New Republic [04/29/2018 12:00 PM, Annie Hylton]

 
Apr. 20, 2018

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A Liberian national was sentenced in federal court Thursday to 30 years in prison for immigration fraud and perjury. The prison term marks the longest sentence for a human rights violator case in the history of U.S. Immigration and Customs Enforcement’s (ICE) Human Rights Violators and War Crimes Center (HRVWCC), which supported the probe. The sentencing also caps an extensive investigation led by ICE Homeland Security Investigations (HSI) Philadelphia.

Mohammed Jabbateh, 51, a violent and ruthless Liberian war lord also known as “Jungle Jabbah,” who had been living in East Lansdowne, Pennsylvania. Jabbateh, 51, was found guilty in October 2017 of two counts of fraud in immigration documents and two counts of perjury.

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Liberian national found guilty of immigration fraud, perjury

Apr. 19, 2018

an individual being escorted by officers

U.S. Immigration and Customs Enforcement (ICE) Enforcement and Removal Operations arrested 33 fugitives sought for their roles in known or suspected human rights violations during a nationwide operation this week.

During the three-day operation that concluded Wednesday, the ICE National Fugitive Operations Program in coordination with the ICE Human Rights Violators and War Crimes Center and the ICE National Criminal Analysis and Targeting Center (NCATC), arrested these fugitives via the ICE field offices of Atlanta; Baltimore; Boston; Chicago; Denver; Detroit; Houston; Los Angeles; Miami; New Orleans; New York City; Philadelphia; Phoenix; Seattle; San Francisco; and St. Paul, Minnesota.

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ICE arrests 33 with history of human rights violation across the US during Operation No Safe Haven IV

Mar. 29, 2018

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A Bosnian Serb residing in North Carolina was sentenced to 18 months in prison today for his criminal conviction of obtaining a Permanent Resident Card (I-551), commonly referred to as a “green card,” by making materially false claims and statements on his initial application for immigration status, which served as the basis for obtaining Lawful Permanent Resident status. This case was investigated by U.S. Immigration and Customs Enforcement’s (ICE) Homeland Security Investigations (HSI), with support from ICE’s Human Rights Violators and War Crimes Center (HRVWCC).

Attorney General Jeff Sessions, Acting Assistant Attorney General John P. Cronan of the Justice Department’s Criminal Division, U.S. Attorney R. Andrew Murray for the Western District of North Carolina and Deputy Director Thomas D. Homan of U.S. Immigration and Customs Enforcement (ICE) made the announcement.

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ICE removes Bosnian human rights abuser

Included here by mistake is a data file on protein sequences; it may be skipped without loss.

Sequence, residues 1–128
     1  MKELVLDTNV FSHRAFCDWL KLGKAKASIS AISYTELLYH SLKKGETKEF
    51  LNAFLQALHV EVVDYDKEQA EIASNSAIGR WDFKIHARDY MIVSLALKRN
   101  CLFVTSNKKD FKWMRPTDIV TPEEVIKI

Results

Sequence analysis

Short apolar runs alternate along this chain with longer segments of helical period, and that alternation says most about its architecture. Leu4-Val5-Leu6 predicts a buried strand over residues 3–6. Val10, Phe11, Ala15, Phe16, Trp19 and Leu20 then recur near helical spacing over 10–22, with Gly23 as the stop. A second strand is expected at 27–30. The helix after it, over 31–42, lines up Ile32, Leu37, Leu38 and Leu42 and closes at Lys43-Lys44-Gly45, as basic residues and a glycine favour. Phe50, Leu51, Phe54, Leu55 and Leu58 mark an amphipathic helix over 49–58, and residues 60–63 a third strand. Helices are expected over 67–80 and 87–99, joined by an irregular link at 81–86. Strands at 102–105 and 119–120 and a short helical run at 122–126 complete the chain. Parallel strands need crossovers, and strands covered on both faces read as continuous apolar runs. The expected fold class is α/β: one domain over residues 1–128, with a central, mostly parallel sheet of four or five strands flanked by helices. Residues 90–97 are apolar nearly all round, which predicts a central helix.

Bosnian human rights abuser pleads guilty to immigration fraud

Feb. 9, 2018

The former chief of the National Police in Guatemala’s second-largest city was arrested Friday on visa fraud charges after he allegedly failed to disclose to U.S. immigration authorities that he had been charged with murdering two political activists in Guatemala.

U.S. Immigration and Customs Enforcement’s (ICE) Homeland Security Investigations (HSI) arrested Catalino Esteban Valiente Alonzo, 77, of Fontana, who was previously the chief of the National Police in Quetzaltenango, Guatemala, after Valiente was charged in a one-count indictment returned by a federal grand jury.

This case was investigated by HSI’s Document and Benefit Fraud Task Force (DBFTF) and ICE’s Human Rights Violators and War Crimes Center (HRVWCC). HSI Attaché in Guatemala City and U.S. Citizenship and Immigration Services, Fraud Detection and National Security Directorate assisted in the investigation.

Jan. 31, 2018
Slobodan Mutic, 54, is wanted by Croatian authorities for aggravated murder

U.S. Immigration and Customs Enforcement’s (ICE) Enforcement and Removal Operations (ERO) Philadelphia removed a former soldier of the Republika Serbian Krajina who failed to disclose his role in the ethnically motivated murder of a Croatian couple during the war in the former Yugoslavia on Tuesday, following an investigation by U.S. Immigration and Customs Enforcement's (ICE) Homeland Security Investigations (HSI) and ICE's Human Rights Violators and War Crimes Center (HRVWC).

Slobodan Mutic, 54, is wanted by Croatian authorities for aggravated murder. He was ordered removed on Oct. 23, 2017, by a federal immigration judge based on his criminal conviction. On Jan. 6, 2016, Slobodan was sentenced to two years in prison, for knowingly and willingly possessing a Form I-94, arrival/departure record, knowing it to have been procured by means of any false claim or statement, or to have been otherwise procured by fraud and unlawfully obtained.

Dec. 18, 2017

A Bosnian Serb residing in Charlotte, North Carolina pleaded guilty today to lying to obtain lawful permanent resident status by concealing his military status and criminal activity during the war in Bosnia. This case was investigated by U.S. Immigration and Customs Enforcement’s (ICE) Homeland Security Investigations (HSI), with support from ICE’s Human Rights Violators and War Crimes Center (HRVWCC).